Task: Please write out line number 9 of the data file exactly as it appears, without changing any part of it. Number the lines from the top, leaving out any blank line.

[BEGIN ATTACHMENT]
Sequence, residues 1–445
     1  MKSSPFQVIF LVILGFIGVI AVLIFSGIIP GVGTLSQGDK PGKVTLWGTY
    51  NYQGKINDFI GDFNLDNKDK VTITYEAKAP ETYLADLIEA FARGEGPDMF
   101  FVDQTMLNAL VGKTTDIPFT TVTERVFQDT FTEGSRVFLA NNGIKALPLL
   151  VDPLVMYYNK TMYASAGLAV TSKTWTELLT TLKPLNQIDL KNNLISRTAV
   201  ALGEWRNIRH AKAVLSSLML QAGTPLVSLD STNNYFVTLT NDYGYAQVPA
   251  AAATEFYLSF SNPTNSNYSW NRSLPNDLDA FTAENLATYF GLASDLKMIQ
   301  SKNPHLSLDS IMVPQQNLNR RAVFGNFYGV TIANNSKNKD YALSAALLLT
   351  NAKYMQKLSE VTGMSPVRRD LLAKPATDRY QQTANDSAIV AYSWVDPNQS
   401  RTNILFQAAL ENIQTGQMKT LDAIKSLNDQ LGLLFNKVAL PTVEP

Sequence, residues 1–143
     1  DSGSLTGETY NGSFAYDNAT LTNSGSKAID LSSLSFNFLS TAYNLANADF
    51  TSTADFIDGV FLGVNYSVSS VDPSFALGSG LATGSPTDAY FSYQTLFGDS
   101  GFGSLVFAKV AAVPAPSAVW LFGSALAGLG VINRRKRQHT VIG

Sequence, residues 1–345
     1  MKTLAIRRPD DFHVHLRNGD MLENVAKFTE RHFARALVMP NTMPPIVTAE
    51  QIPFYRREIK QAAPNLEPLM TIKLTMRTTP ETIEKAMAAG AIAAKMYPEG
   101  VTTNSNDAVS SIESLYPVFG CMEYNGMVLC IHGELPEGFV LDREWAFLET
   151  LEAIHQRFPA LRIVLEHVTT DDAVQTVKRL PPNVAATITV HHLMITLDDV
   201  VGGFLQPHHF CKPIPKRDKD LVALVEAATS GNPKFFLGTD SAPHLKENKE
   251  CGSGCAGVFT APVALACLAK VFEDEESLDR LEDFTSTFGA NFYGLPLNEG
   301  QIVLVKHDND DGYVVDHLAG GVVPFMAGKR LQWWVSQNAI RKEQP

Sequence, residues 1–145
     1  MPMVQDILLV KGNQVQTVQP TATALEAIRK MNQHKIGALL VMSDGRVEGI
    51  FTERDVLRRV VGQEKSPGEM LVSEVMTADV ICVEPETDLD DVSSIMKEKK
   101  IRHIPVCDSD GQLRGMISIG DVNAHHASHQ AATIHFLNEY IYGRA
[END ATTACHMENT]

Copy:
   351  NAKYMQKLSE VTGMSPVRRD LLAKPATDRY QQTANDSAIV AYSWVDPNQS